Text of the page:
Poker Players With Two Brains

Left Brain Meet Right Brain

Left Brain Right Brain Poker"The brain is an apparatus with which we think that we think." -- Ambrose Bierce

Many people look at the most successful "old-school" players as brilliantly "intuitive" -- players who come to conclusions by instinct, by feel, without a deliberate thought-process, they just "know." For a hundred years, those people with the best feel for the game and their opponents were the dominant players. After all, poker is a game of people. For the past twenty of so years, another type of player has come to prominence -- players whose game is based primarily on mathematical analysis of situations. After all, poker is all about getting the best of it over the long run.

Another way to look at this is to view the instinctive players as "right brain" people, because the right half of the human brain is home to our intuitive, artistically creative abilities. The mathematical players could be seen as a "left brain" people, because the left half of the brain processes our verbal, analytical and logic activities. The right half of the brain is analogical -- meaning it tends to draw conclusions by analogy. John was bluffing the last time he scratched his head when the board paired, so now in a different hand when the board pairs and John bets while scratching his head, he is (probably) bluffing again. This is decision-making by analogy -- in different situations (different hands) if you discover some similarities, then there are likely more similarities. On the other hand, the left-brain is analytical -- every aspect of a situation is broken down on it's own, analyzed, on a way to coming to a correct conclusion.

Clearly these two ways of making a decision have similarities, but they are also very different, especially when applied to poker. Many intuitive players are openly hostile to viewing situations as mathematical equations. They just know what the right thing to do is. In effect, they can read their opponent's minds. If you know your opponent's cards, it seldom will be necessary to spend much time analyzing. The job is done. And then many mathematical players who can calculate the correct action are openly hostile to the idea that a player can just know what to do when the correct action is often truly complicated to figure out.

Which way is better? Well, like many either/or questions, the answer is... neither!

I'm pretty sure that God gave us two halves of a brain for a good reason. We should be using both sides of our brains to win at poker. Why would anybody want to play with half a brain??

And more than we should use both sides of our brains, we must. Correct logical analysis can only be done from usefully gathered data. If a friend calls and asks you to come over to help fix a car, and you take the time to accumulate all the right tools to change a tire, only to find that the friend does not have a flat tire but rather a busted carburetor, all your logical tool-gathering was worse than worthless. It was wrong.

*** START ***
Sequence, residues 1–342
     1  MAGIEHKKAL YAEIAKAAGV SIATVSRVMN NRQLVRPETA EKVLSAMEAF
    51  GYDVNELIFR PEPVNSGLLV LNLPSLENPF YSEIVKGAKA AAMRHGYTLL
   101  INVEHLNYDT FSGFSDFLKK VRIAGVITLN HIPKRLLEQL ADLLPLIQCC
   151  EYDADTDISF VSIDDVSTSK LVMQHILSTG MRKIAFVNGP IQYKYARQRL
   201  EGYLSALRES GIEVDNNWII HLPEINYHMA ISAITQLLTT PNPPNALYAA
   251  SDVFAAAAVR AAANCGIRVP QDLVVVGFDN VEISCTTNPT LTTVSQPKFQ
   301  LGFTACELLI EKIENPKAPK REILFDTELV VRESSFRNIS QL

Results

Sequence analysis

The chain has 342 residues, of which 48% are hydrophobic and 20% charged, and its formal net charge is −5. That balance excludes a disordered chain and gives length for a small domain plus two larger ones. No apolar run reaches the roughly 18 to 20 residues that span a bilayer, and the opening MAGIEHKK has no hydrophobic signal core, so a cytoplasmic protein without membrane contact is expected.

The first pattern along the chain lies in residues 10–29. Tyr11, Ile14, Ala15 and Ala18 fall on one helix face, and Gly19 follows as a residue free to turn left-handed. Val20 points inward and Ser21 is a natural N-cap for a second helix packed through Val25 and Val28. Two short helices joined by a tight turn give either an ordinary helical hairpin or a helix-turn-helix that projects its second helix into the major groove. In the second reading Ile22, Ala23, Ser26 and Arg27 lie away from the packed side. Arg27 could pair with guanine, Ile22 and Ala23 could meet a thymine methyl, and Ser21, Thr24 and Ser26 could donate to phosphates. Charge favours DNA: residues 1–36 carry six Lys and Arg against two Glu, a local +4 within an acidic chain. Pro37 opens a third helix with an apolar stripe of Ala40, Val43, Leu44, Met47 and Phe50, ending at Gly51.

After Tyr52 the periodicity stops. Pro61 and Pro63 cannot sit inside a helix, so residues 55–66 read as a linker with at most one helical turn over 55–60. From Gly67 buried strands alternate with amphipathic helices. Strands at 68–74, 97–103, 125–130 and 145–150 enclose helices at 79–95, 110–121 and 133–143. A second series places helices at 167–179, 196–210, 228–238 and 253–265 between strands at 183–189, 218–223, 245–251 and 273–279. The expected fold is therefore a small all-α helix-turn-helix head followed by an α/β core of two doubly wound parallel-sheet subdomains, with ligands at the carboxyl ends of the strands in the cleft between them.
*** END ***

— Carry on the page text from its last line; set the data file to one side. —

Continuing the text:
In poker, we mostly use the skills from the right side of our brains to gather data. The right side notices the phenomenon of John scratching his head when he bets. But then, the left side will usually come to a better, more complete conclusion about what to do than the analogical right side will. The right side may observe the scratching, but the left side will be sure to take into account that the second time a fly had just landed on John's head! Correct poker thinking comes from gathering data, and then putting the pieces of the puzzle together, and then making the move that is the most profitable in the long run. It's not much good to be able to discern information about our opponents, if we then don't know what to do with it. And, it's no good to know what to do with information if we are awful at gathering information!

Every poker player uses both parts of the brain. The most right-brained player still knows how to add 3+3. The most left-brained person still notices when an opponent reacts as if hit by lightning when a particular card is dealt. This is not an either/or situation. We do use both sides of our brains. But everyone is bound to use one side a little or a lot more than the other.

People wanting to be fully-rounded, complete, winning poker players need to work on developing both sides of their brains, especially the side that does not come natural to them. To play this game, you need your whole brain -- and then some.

See also Poker Stereotypes and Playing with Enthusiasm